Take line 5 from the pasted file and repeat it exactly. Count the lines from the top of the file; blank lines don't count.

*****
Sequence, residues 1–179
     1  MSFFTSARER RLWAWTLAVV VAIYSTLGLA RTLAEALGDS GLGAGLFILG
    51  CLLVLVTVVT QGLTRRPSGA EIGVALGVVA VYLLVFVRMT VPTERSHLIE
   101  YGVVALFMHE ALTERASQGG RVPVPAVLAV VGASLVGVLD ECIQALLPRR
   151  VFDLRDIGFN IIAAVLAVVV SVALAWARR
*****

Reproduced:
   151  VFDLRDIGFN IIAAVLAVVV SVALAWARR